Document Detail


Anger, suppressed anger, and risk of adverse events in patients with coronary artery disease.
MedLine Citation:
PMID:  20494661     Owner:  NLM     Status:  MEDLINE    
Abstract/OtherAbstract:
Anger is associated with cardiovascular stress reactivity; however, little is known about the effect of suppressed anger in patients with coronary artery disease (CAD). We examined whether patients with CAD who suppress their anger are at risk of adverse events. At baseline, 644 patients with CAD completed measures of anger, anger-in (reluctance to express anger), and Type D personality (tendency to experience distress and to be inhibited). The combination of high anger and anger-in scores was used to identify the presence of suppressed anger. The end points were major adverse cardiac events (a composite of death, myocardial infarction, and revascularization) and cardiac death/myocardial infarction. After an average follow-up of 6.3 years (range 5 to 10), 126 patients (20%) had experienced a major adverse cardiac event, and 59 (9%) had experienced cardiac death or myocardial infarction. Anger (p = 0.009) and suppressed anger (p = 0.011) were associated with future major adverse cardiac events, but these associations were no longer significant after adjustment for clinical characteristics. However, suppressed anger remained associated with the more rigorous end point of cardiac death or myocardial infarction (odds ratio 2.87, 95% confidence interval 1.15 to 7.15, p = 0.024) after controlling for decreased systolic function, poor exercise tolerance, extent of CAD, and revascularization. Anger alone was not independently associated with this end point. Patients with a Type D personality had a fourfold rate of suppressed anger, and an adjustment for a Type D personality attenuated the observed association between suppressed anger and adverse cardiac events. In conclusion, patients with CAD who suppress their anger were at increased risk of adverse cardiac events, and this was accounted for by individual differences in Type D personality.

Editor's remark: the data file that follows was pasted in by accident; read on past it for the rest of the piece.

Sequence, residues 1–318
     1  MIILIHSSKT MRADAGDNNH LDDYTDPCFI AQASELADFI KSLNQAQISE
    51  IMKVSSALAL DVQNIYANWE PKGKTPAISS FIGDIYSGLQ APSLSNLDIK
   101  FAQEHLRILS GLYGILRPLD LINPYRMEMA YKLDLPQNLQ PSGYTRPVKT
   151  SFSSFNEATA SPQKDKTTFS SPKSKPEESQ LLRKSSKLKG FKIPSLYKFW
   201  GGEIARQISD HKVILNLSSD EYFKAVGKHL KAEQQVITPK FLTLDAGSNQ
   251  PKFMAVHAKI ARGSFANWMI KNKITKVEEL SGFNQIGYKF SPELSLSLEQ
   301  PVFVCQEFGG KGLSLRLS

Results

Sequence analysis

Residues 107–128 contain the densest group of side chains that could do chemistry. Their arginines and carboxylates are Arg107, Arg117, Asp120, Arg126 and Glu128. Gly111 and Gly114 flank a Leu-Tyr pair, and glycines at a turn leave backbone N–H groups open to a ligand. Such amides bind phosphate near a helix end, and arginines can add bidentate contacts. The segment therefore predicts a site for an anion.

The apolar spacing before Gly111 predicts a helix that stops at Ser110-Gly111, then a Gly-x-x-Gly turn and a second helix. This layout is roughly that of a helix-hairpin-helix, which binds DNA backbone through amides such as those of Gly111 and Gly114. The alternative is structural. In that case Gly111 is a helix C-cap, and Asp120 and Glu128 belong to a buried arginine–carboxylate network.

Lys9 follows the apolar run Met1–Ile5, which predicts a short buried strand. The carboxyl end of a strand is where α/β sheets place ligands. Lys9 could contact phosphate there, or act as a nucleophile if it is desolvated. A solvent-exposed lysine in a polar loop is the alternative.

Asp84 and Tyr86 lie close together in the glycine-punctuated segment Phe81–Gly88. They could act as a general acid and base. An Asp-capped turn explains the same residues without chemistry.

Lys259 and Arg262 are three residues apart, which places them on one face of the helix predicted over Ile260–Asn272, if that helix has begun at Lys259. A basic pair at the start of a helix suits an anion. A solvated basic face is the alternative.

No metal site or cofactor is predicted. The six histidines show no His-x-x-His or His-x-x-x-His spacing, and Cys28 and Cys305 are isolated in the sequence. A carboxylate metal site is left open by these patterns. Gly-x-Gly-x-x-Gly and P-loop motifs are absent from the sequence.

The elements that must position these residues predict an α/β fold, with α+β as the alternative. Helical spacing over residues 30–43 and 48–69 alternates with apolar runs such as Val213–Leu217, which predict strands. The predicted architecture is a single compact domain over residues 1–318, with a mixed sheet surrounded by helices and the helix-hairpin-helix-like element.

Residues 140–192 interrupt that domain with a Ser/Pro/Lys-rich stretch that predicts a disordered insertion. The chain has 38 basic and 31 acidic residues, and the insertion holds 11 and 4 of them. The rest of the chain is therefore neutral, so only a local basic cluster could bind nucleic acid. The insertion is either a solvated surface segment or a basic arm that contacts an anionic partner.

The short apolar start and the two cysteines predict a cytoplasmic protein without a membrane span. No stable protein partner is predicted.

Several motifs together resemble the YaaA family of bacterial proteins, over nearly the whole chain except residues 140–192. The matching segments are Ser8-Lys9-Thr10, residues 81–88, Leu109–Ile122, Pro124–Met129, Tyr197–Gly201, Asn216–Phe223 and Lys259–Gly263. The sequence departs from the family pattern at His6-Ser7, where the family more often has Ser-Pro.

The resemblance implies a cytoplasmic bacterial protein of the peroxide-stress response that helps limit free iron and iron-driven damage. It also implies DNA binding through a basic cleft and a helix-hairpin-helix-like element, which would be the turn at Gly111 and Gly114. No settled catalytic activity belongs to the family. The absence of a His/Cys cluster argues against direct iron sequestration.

Authors:
Johan Denollet; Yori Gidron; Christiaan J Vrints; Viviane M Conraads
Publication Detail:
Type:  Journal Article; Research Support, Non-U.S. Gov't     Date:  2010-04-10
Journal Detail:
Title:  The American journal of cardiology     Volume:  105     ISSN:  1879-1913     ISO Abbreviation:  Am. J. Cardiol.     Publication Date:  2010 Jun 
Date Detail:
Created Date:  2010-05-24     Completed Date:  2010-07-08     Revised Date:  -    
Medline Journal Info:
Nlm Unique ID:  0207277     Medline TA:  Am J Cardiol     Country:  United States    
Other Details:
Languages:  eng     Pagination:  1555-60     Citation Subset:  AIM; IM    
Copyright Information:
Copyright 2010 Elsevier Inc. All rights reserved.
Affiliation:
Center of Research on Psychology in Somatic diseases, Tilburg University, Tilburg, The Netherlands. denollet@uvt.nl
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MeSH Terms
Descriptor/Qualifier:
Aged
Anger*
Coronary Artery Disease / mortality,  psychology*
Female
Follow-Up Studies
Humans
Male
Middle Aged
Myocardial Infarction / psychology
Personality
Prognosis
Questionnaires
Risk Assessment
Risk Factors
Stress, Psychological / complications
Temperament*

From MEDLINE®/PubMed®, a database of the U.S. National Library of Medicine


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